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Key to Minimising Losses Resulting from FMD

by 5m Editor
28 March 2011, at 11:33am

CANADA - The chair of the Canadian Swine Health Board says early detection and quick response are key to limiting the losses that would be caused by an outbreak of foot and mouth disease, according to Bruce Cochrane.

The first in a series of Swine Health Awareness Bulletins designed to keep the pork industry informed of emerging or potential health threats deals with swine vesicular diseases several of which produce symptoms similar to foot and mouth disease, including fluid-filled blisters in the mouth and on the snout, feet and teats of recently farrowed sows.

Canadian Swine Health Board chair Florian Possberg says, because food and mouth disease is so rare, it's something producers don't see very often.

Florian Possberg-Canadian Swine Health Board

The issue around swine vesicular disease is the most severe form of it is foot and mouth disease which can really devestate a whole livestock industry for a country.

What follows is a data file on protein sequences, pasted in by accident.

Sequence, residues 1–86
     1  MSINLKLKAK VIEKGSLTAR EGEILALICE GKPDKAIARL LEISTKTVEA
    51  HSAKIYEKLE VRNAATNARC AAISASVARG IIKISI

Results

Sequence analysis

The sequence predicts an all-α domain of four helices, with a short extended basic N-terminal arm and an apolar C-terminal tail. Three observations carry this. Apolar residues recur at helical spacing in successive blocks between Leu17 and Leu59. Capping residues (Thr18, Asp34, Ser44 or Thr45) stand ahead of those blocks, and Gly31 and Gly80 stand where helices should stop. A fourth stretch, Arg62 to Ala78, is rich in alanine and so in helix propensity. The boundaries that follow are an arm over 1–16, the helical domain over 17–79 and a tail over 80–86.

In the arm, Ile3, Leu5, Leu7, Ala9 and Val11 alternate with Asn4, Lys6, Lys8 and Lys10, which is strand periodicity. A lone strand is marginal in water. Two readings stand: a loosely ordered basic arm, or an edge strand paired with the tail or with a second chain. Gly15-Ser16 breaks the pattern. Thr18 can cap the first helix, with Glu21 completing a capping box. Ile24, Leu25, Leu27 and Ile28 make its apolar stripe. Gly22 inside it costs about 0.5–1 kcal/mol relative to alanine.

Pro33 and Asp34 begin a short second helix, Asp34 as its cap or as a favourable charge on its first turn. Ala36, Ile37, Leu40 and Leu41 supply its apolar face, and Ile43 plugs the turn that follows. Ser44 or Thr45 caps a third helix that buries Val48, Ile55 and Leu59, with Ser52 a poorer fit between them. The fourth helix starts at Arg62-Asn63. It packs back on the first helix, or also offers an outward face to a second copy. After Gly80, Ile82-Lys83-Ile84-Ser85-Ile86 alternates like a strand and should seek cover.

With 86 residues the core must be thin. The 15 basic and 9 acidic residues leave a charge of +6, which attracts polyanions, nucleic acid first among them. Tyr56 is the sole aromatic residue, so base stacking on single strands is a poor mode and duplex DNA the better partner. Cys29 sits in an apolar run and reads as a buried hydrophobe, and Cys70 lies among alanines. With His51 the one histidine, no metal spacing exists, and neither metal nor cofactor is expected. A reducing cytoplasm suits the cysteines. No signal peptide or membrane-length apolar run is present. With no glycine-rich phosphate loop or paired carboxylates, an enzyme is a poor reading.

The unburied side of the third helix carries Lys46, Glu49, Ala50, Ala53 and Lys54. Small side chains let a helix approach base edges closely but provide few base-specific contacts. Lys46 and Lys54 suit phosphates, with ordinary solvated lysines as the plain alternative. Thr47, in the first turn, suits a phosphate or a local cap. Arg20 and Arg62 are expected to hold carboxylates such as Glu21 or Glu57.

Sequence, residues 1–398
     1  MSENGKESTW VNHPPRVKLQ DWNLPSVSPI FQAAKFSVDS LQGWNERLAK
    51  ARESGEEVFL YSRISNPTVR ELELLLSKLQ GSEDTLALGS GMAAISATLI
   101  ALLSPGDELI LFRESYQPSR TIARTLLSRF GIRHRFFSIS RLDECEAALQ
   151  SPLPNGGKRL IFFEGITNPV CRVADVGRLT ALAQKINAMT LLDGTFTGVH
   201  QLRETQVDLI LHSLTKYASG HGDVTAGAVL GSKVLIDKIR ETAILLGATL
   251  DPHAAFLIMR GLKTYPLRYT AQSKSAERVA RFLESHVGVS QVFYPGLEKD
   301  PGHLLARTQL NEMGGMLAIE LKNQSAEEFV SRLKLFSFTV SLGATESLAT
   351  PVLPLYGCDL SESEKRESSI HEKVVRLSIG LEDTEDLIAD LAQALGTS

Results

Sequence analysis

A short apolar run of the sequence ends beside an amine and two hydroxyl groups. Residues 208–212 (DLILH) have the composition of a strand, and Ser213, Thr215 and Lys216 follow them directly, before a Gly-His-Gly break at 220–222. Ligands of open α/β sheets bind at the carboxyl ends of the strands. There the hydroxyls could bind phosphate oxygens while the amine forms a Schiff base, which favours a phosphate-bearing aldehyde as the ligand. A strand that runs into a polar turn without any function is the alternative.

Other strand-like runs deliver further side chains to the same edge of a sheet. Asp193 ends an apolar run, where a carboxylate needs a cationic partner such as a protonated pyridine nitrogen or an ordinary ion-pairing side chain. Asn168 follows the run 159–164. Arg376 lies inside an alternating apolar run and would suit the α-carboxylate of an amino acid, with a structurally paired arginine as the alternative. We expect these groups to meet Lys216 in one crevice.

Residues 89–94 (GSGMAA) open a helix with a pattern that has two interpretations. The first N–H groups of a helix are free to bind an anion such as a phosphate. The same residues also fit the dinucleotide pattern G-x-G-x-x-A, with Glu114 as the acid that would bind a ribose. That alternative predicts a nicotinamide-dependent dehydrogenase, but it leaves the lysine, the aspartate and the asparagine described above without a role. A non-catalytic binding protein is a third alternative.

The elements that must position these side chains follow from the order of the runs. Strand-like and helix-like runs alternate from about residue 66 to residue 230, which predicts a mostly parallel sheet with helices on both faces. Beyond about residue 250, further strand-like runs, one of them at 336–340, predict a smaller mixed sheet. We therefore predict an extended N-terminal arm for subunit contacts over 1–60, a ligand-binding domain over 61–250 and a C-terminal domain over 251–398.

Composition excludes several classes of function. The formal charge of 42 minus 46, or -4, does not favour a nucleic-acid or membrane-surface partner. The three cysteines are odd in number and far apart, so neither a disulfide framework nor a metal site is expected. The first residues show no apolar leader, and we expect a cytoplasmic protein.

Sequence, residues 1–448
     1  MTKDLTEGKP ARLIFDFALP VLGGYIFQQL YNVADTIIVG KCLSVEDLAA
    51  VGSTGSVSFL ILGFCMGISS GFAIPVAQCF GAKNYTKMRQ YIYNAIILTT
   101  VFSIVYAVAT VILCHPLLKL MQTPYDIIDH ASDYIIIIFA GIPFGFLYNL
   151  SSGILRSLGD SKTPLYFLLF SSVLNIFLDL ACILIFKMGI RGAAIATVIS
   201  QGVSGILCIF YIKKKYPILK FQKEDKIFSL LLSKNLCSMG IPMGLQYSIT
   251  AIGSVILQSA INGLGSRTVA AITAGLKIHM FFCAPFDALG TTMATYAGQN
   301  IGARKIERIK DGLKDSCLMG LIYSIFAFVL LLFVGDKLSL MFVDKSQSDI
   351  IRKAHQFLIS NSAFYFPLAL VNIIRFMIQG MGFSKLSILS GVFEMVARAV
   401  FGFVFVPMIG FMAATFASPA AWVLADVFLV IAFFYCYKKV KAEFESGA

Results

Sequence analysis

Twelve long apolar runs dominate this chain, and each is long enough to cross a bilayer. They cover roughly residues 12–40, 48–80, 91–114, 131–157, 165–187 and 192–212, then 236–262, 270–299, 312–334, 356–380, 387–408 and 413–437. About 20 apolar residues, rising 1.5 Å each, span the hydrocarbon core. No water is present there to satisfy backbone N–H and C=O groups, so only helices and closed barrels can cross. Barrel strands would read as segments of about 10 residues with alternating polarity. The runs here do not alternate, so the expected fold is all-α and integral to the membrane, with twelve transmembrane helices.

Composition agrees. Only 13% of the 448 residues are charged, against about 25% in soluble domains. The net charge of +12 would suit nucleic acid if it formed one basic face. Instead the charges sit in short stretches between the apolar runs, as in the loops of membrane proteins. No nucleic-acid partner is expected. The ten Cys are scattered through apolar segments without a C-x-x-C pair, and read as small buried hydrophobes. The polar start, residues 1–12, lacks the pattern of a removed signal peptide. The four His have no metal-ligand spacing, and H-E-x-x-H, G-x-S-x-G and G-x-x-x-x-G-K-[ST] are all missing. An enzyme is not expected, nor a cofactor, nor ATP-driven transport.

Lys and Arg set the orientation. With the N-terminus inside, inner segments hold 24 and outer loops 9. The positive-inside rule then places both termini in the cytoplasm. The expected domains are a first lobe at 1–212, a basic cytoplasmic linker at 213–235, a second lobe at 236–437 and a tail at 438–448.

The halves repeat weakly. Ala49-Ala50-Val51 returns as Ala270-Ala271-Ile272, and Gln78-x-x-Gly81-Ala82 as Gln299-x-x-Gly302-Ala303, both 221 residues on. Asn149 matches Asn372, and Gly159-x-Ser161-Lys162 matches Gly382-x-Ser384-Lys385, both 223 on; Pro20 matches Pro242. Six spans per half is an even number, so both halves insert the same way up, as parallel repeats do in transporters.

But there are other conditions that mimic what you would expect from foot and mouth disease so our bulletin is really to provide information to alert producers as to what to look for in terms of what this condition is.

One of the real keys of dealing with this disease is early detection and control so, if we can provide information to producers so they can actually identify suspicious cases and engage our veterinarians and soon in identifying the disease very early on, we can sort through things much better than having it get out control.


Mr Possberg says the Canadian Swine health Board is focusing on early detection to get on top of any outbreak.

He says, if you can get early detection of the disease and can quarantine affected areas to prevent it's spread, it's possible to make a potentially huge problem much more manageable.

The bulletin is being distributed to industry stakeholders and being made available through the Canadian Swine Health Board web site.

5m Editor